Staff interview with Kate Rowekamp!

Intern Katrina talked with Fitton's Director of Education and Digital Content Producer, Kate Rowekamp, to learn more about her role at the Fitton!



Q: What is your favorite style of art? Who (maybe multiple) is your favorite artist?

A: I’m a big fan of printmaking and illustration, but more often than not I tend to take a mixed media approach that blends techniques from several different styles.

My biggest contemporary influence is the artist Casey Riordan Millard. I was incredibly fortunate to apprentice for her as an undergraduate, but even before I knew her personally, I was a huge fan of how she used whimsical illustrations to confront deep emotional conflicts and her interdisciplinary approach to creating work. For the longest time I thought artists had to pick just one thing (sculpture, painting, printmaking, etc.) and stick with that, but Casey’s work opened my eyes to combining multiple approaches to create an immersive environment for the viewer. When I had the opportunity to work with her, she taught me so much about the creative process, plus she is just an all-around awesome human

Another major influence is Edward Gorey. I discovered Gorey right around the time I was trying to figure out my personal style. I was mistakenly convinced that in order to prove I was a “serious artist” I had to create realistic portraits in oil paint, and I was MISERABLE! An alum of my school passed away and generously donated an enormous collection of art books to our department. As a work study student, I had the job of organizing all of the books into a makeshift library, and in the process came across a tiny red book called The Gorey Alphabet. When I saw Gorey’s whimsically dark, ink-based illustrations I knew that was the kind of thing I wanted to be doing. When I shared this with Casey, she taught me how to draw using pen and ink and everything just kind of clicked.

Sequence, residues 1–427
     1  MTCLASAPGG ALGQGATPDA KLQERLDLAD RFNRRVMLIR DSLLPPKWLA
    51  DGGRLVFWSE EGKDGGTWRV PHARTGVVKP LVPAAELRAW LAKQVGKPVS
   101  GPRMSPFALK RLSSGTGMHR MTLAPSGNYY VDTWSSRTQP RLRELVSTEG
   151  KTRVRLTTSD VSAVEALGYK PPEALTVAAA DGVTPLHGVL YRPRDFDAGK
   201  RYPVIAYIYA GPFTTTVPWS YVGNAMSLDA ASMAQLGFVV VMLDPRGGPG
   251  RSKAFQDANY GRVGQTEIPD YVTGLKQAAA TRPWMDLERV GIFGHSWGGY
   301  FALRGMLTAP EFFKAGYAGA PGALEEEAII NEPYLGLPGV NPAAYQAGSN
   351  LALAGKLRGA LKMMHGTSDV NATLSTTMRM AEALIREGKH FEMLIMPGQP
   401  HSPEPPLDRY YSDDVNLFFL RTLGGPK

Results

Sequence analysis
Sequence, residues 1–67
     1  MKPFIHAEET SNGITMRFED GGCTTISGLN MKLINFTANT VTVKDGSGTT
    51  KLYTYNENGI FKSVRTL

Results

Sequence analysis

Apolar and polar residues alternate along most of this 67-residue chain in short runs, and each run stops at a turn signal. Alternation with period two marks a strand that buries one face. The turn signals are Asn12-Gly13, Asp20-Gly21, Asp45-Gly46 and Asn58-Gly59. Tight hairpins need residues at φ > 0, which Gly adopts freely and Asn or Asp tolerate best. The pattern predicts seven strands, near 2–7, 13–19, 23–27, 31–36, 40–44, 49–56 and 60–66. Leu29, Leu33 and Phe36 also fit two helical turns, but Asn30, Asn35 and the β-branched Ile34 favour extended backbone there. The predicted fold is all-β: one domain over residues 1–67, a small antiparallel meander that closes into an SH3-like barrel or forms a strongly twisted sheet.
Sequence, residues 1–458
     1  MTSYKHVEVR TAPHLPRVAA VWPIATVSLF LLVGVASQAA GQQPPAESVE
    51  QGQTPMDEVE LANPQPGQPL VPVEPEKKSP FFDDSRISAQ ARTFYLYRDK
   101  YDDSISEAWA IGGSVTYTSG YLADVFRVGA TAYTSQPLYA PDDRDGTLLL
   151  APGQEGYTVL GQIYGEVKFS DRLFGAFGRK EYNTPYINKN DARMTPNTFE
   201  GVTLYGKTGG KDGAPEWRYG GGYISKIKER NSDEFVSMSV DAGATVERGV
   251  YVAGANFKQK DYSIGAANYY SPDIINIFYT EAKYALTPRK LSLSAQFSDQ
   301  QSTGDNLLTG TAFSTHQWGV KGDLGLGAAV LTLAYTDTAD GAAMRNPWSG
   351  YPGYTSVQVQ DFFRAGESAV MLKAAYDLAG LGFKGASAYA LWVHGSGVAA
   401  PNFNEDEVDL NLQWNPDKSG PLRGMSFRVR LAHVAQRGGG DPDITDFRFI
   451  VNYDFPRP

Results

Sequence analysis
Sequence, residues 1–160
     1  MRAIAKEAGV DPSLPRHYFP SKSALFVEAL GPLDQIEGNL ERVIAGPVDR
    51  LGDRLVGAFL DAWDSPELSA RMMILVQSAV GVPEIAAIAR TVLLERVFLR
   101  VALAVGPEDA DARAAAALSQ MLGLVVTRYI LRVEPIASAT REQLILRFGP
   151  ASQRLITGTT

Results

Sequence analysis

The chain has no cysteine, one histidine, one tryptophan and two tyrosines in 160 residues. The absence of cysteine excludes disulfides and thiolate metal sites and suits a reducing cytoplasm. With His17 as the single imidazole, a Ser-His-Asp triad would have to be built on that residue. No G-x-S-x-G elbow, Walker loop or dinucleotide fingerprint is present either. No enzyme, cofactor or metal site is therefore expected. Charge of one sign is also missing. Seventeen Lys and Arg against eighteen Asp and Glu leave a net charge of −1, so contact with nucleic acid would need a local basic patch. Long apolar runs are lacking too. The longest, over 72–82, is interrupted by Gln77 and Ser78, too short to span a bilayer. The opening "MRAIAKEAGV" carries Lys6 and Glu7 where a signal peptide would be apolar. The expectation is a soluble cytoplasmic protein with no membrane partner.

Additionally, since I’m a big creature-person Ernst Haeckel, Jim Henson and Guillermo del Toro have also been highly influential in terms of the types of subject matter I favor in my work.

Q: How did you prepare for your initial interview with the organization?

A: I made sure to research the organization online to see what they were all about in order to ensure that I could tailor my responses during the interview to match with their organizational goals. For example, while I am an artist, since the position was for an education administrator, rather than discussing my printmaking skills, I focused more on sharing my experiences in the education world that could translate to the type of work required for the position.

Q: What goals have you set within yourself for the job?

A: One of my biggest goals for the Fitton was to bring printmaking to our class offerings, and I’m currently in the process of building a really great print program with the students and teachers. Being so close to two Miami campuses we have quite a few community members who have learned printmaking, but after graduation lost access to a place to continue their practice. Our print instructor - Billy and I brainstormed and researched what this could look like and met with the Executive Director of the Fitton Center to pitch our idea. He was very interested in the idea and gave me the greenlight to start putting together an official proposal.

In the evenings when I’m not working at the Fitton, I adjunct as the printmaking professor for a university in Kentucky. As part of that position I’ve been working on upgrading our lab. Using my knowledge gained from that experience I was able to draft a proposal and create a budget for what we would need to start-up a printmaking program at the Fitton completely from scratch. Working with the Fitton’s ED we planned that it would take about 4 - 5 years to get the funding we would need to buy a press and other materials, but luckily we had a donor step forward and generously offer to fully fund the acquisition of a press! Our 4 - 5 year plan was drastically accelerated by this, and we were able to move from planning what a printmaking program could look like to actually implementing printmaking curriculum as part of our education program.